Nov 6, 2009, 1:56 PM
According to its director, Shaka Ceesay, Conscience International (CI) is a non-profit, non-political and non-religious organisation, that’s committed to achieving social and economic justice. CI promotes the rights of people to fully participate in the social, technical, environmental and economic decisions that affect their lives.
The training was centred on techniques of collaboration with donors, how to maintain credibility in their operations, and how to utilise the media for visibility purpose, as means of public outreach.
According to him, participants were drawn from various fields of specialisation within the Non-Governmental (NGOs) and Charitable Organisations communities, engaging in among others, promoting various rights, such as disabilities, youth, children,gender, environmental and climate change related advocacy,capacity-building activities, media, HIV among others.
He also called on participants to develop and nurture passion in whatever they do, without which he noted, they cannot do what they want.
He also expressed the need to build partnership, as he stated, single individual cannot make it alone, emphasising that “good relation with colleagues at workplace and the society is fundamental for any sustainable activity.
He said contents of proposals, and the credibility of board members is very important, because it determines the success or failure of proposals for funding.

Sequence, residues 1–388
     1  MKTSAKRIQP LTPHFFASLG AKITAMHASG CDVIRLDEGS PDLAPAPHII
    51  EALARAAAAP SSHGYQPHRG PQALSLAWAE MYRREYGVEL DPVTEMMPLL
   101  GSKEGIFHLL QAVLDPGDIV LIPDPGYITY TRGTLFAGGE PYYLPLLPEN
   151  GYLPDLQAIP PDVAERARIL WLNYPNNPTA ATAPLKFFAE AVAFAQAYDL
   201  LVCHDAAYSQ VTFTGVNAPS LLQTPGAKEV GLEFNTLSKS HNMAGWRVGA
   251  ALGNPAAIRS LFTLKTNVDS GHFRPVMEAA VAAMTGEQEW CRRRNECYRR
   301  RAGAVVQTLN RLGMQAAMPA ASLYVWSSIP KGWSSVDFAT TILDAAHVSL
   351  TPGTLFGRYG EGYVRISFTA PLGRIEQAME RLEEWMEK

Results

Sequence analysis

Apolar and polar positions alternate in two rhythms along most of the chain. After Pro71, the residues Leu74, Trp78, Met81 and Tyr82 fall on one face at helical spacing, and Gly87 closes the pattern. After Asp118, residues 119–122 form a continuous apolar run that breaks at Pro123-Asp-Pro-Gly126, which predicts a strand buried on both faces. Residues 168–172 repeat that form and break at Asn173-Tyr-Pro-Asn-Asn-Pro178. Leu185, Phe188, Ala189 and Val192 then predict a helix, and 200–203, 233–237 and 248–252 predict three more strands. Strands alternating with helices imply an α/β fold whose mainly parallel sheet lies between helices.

He then elaborated on the need for determination, transparency, commitment, and delegation of responsibilities.
Ms. Phyllis Machuka, CI Administrator, in her presentation, spoke of the need for participants to be confident and believe in themselves, and work with patients towards achieving their objectives.
Ms. Machuka then urged participants to ensure that letters sent to donors are non errant, saying“proper presentation helps project to succeed, otherwise donors may feel you do not put enough efforts. You may write many letters, requesting for funds, but never give up.”
She also advised participants to be strategic by having alternative sources of funding, through partnership building with cooperate bodies, such as banks, parastatal and private sector, including government. “Write and tell them what you are doing, and avoid asking for money during first approaches. Build up credibility before the money.”
Madi S. Njie- freelance journalist, who made the third presentation on the role of the media in promoting NGO work, encouraged participants to establish media contacts by making research on media houses or journalists whose publication is relevant to their work.
He spoke of the importance of maintaining effective communication, clarity, observance of ethical values, among others, as important elements in promoting NGOs and charity work through the media.